Seahawks-49ers: 8 reasons why Seattle can beat SF for the NFC West title
In November, I wrote a post where I listed eight reasons why the Seahawks could beat the then-unbeaten 49ers. Why eight? I couldn’t come up with nine. And not that my list had anything to do with it, but we all remember what happened – the Seahawks beat the 49ers 27-24 in overtime.
This time around with the NFC West title on the line, let’s try it again with eight reasons why they can beat the Niners for a second time. Some are solid, some are admittedly flimsy, but all could factor into a Seahawks win, even with their injury-ravaged squad.
• 8) The Eagles’ win over the Cowboys last Sunday. What does that have to do with this game? Maybe nothing, but I still think it is another example of a team overcoming injuries to win a key game. Plus not many thought the Eagles would beat the Cowboys, which seems to be the case with the Seahawks against the 49ers this week. Everyone is doubting them, feeling like they’re lucky to even be in a position to earn a first-round bye. Everyone is down on their defense, and you can understand why – they’re 26th in the league. But after hearing so much about how great San Francisco’s defense was, the Seahawks accepted the challenge and played out of their minds against the Niners in Week 10. They could have a similar performance, fueled by the 12s, who will get an extra four hours to fuel themselves before kickoff.
• 7) The Seahawks lost to the Cardinals in the next-to-last week of the 2013 season, beat the Rams in the final week and went on to win the Super Bowl. Following that loss to Arizona, there was plenty of doom and gloom in town, but the Seahawks rallied from that defeat and could do it again, particularly if you believe in history repeating itself.
• 6) Teams have a tendency to suck it up and play above their heads when star players are injured. I’m a firm believer in this in the short term. Long-term, it’s hard to overcome the absences of Duane Brown and Chris Carson. Look at the Seahawks’ 17-9 win at Philadelphia this year. Jadeveon Clowney didn’t play, everyone thought it would severely affect the pass rush, yet the Seahawks came up with five sacks that day.
• 5) It’s not like the 49ers are world beaters anymore. They’ve gone 4-3 in their last seven games, and they’ve got their own share of injuries. The offensive line has not been the same since it lost center Weston Richburg to an injury three weeks ago. The Rams sacked San Francisco quarterback Jimmy Garoppolo six times last Saturday. And the defense still ranks No. 2 overall but has allowed an average of 35 points in its last three games. That offensive line could be missing another key player this week. Right guard Mike Person did not play against the Rams because of a neck injury. If you’re worried about Russell Wilson getting buried by a San Francisco pass rush that has come up with 47 sacks this year, it’s not been as good of late, with only three sacks in the last four games.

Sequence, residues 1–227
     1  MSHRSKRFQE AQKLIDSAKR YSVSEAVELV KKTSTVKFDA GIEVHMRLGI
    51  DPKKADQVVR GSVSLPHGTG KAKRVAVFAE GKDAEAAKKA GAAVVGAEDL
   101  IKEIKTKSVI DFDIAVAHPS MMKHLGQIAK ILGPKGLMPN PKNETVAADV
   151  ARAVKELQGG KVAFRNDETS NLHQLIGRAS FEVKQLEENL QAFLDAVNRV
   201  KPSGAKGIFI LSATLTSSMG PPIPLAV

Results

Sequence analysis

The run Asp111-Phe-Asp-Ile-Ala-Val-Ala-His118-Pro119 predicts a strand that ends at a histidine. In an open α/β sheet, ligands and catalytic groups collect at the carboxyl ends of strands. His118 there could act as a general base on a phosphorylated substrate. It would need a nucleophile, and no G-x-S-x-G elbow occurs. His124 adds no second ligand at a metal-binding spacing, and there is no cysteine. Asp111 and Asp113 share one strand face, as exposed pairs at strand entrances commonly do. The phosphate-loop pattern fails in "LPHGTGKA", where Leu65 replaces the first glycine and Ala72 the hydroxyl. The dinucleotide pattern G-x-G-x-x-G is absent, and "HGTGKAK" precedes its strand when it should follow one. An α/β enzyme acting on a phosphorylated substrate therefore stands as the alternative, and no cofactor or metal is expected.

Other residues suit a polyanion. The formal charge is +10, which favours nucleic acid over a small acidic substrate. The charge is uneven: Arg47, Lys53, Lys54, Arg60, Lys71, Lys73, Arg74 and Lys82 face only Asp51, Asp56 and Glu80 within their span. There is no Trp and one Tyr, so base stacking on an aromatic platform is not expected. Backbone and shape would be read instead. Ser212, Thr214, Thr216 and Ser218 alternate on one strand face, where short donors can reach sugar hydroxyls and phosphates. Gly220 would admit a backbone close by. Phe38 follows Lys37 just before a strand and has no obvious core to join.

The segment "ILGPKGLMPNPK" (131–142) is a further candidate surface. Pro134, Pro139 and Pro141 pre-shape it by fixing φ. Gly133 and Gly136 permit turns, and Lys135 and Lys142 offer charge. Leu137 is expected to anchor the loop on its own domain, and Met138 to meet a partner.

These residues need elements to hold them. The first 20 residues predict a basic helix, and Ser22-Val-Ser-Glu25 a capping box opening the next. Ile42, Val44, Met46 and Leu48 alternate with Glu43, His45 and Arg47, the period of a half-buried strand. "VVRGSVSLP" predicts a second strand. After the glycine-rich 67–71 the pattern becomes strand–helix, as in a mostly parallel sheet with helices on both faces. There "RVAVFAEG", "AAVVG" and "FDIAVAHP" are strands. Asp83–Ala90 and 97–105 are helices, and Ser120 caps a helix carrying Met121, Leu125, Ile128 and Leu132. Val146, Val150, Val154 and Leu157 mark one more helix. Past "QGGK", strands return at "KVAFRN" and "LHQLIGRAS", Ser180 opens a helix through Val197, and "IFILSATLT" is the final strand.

• 4) I know things have changed since the Seahawks beat the 49ers in November, but if you can beat them as six-point underdogs, can’t you beat them as three-point underdogs when you’re playing at home? Doesn’t the home-field advantage offset the fact that star 49ers tight end George Kittle didn’t play in the first game but will be front and center Sunday night? Plus there’s this – three-point home underdogs win a lot in prime-time games.
• 3) Speaking of which, don’t forget the Seahawks’ success in primetime games under Pete Carroll. Or Russell Wilson’s record in prime-time games – 16-2. Or that Wilson is 31-7 after a loss. Or that he’s never lost a home game to the 49ers in his career, going 8-0, winning by an average of 17 points.
• 2) After missing the last two games with a sports hernia and the flu, Clowney is expected to be back to anchor the defensive line. Even if he’s at 70 percent – and I’m just speculating here – I’d take his 70 percent over some of his teammates’ 100 percent. He’ll make a difference in the pass rush and run defense, the latter of which is most critical after the Cardinals rushed for 253 yards last week.
• 1) Marshawn Lynch returns. I don’t make this the No. 1 reason for what he’ll do himself – I’m guessing he’ll get 10 carries for 40 yards. I don’t think he’ll be great, but I don’t think he’ll be subpar either, just something in between, as in halfway decent. Even a player of his Hall of Fame-caliber can’t be expected to blow the doors off of any defense, much less San Francisco’s, at the age of 33 and after not playing for 14 months. But what about the emotional boost he’ll give to the Seahawks? You can’t measure that, but it’s gotta be in the neighborhood of through the roof. And I’m big on Human Nature. Let’s hope the lift he brings will be enough of an intangible over the course of 60 minutes to make a difference.
More Seahawks coverage
• Lynch’s return a benefit for Hawks regardless of his performance
• The 3 Questions: How much will Lynch impact Seahawks?
• Welcome back, Marshawn: A montage to get ready for his return
• Wyman’s Football 101: Telling the story of Seahawks’ D this year
• Clayton: Seahawks have more problems than just running back